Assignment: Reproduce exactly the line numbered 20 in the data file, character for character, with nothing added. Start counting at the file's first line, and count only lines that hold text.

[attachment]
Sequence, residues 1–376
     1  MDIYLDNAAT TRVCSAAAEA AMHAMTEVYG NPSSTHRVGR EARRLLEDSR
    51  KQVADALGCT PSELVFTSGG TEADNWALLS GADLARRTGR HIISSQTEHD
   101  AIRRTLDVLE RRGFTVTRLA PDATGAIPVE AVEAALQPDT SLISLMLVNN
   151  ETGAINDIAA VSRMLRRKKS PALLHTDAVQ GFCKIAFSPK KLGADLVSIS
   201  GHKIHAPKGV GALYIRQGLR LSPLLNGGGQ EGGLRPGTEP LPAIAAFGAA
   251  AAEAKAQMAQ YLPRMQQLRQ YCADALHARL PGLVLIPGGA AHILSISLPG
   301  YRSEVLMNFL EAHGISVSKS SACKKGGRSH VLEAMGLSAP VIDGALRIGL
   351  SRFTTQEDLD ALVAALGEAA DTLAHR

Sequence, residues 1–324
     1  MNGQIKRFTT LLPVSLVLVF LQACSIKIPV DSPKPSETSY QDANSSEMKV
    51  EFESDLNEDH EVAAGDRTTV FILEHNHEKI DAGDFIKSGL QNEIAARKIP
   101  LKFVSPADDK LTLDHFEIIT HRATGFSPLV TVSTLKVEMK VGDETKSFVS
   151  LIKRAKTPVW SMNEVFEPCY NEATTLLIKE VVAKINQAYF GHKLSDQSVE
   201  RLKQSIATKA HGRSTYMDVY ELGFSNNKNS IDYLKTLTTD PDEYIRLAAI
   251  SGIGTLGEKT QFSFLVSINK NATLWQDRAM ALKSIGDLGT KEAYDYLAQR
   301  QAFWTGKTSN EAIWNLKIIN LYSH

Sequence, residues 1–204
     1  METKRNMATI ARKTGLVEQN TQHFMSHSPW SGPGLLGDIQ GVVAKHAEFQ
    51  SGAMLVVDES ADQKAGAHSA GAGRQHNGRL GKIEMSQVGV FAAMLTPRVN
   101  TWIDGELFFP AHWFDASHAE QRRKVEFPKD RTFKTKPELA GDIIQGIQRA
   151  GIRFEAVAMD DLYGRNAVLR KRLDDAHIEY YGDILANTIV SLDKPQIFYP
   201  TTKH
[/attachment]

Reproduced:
    51  SGAMLVVDES ADQKAGAHSA GAGRQHNGRL GKIEMSQVGV FAAMLTPRVN